Suzanne Kidwell is a Nancy Grace-esque TV anchor. As such, much of Judgment Day revolves around a TV station. The portrayal of TV news/cable shows is incredibly inaccurate, which constantly distracted me from the other part of the plot—the kidnappings and murders Suzanne has somehow become involved with. Shortly after Suzanne’s wealthy fiancé dies while driving her car (later discovered to have been tampered with), Suzanne is framed for the murder of yet another man. She knows she’s innocent, but the only way to clear her name seems to lie with a private investigator she betrayed while they were engaged back in college.
The basic premise is interesting, but there’s a problem that keeps the intriguing element of Suzanne fighting for her freedom from redeeming Judgment Day in any way. There is a gaping plot hole regarding motivation. Suzanne had no idea why teens were disappearing—she even publicly accused the wrong man—until they started going after her. So why go after Suzanne at all? Dues ex machina.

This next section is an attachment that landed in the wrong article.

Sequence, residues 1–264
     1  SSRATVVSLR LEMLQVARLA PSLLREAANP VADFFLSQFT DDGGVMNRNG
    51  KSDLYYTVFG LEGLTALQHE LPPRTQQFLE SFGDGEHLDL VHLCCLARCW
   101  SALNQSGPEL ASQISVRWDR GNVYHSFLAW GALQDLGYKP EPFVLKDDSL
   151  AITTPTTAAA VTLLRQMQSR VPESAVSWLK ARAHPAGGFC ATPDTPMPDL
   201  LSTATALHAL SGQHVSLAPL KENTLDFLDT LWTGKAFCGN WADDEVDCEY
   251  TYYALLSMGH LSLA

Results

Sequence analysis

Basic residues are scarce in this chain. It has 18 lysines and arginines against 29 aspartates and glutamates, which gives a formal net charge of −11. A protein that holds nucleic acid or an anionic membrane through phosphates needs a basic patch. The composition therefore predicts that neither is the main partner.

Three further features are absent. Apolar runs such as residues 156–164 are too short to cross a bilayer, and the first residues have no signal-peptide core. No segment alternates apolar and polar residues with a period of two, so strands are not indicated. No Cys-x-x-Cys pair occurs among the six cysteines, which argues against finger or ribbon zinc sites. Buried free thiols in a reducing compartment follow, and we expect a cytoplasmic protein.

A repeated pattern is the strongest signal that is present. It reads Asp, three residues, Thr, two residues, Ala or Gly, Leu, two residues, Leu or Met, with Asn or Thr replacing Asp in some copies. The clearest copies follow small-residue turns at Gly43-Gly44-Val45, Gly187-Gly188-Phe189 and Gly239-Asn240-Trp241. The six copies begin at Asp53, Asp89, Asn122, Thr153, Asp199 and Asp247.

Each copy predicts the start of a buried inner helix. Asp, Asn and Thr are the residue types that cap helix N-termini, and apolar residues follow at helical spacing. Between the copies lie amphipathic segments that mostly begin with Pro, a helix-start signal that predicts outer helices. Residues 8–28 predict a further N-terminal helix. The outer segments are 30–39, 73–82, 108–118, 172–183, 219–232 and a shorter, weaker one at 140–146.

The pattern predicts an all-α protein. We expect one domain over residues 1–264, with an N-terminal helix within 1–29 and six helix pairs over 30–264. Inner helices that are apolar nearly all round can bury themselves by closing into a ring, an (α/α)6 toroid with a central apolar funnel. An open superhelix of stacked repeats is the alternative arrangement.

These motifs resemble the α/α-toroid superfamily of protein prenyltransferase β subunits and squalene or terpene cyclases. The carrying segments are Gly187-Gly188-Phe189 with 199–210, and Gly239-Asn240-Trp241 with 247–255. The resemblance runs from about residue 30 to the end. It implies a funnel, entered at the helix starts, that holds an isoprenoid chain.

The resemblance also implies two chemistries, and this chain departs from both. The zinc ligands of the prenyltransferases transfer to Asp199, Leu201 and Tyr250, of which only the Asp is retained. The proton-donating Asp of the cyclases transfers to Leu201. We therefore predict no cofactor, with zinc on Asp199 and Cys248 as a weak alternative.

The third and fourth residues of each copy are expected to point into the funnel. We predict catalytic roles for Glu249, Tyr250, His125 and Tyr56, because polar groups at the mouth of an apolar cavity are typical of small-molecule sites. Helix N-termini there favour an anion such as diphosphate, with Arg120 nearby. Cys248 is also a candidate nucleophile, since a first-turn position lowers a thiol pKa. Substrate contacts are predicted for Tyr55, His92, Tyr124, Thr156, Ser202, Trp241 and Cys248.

Another issue I had with Judgment Day was the awkward insert of Christianity which seemed only to have been done to get published by WaterBrook. It otherwise had no bearing on the plot.
Review copy provided by the publisher, WaterBrook Press.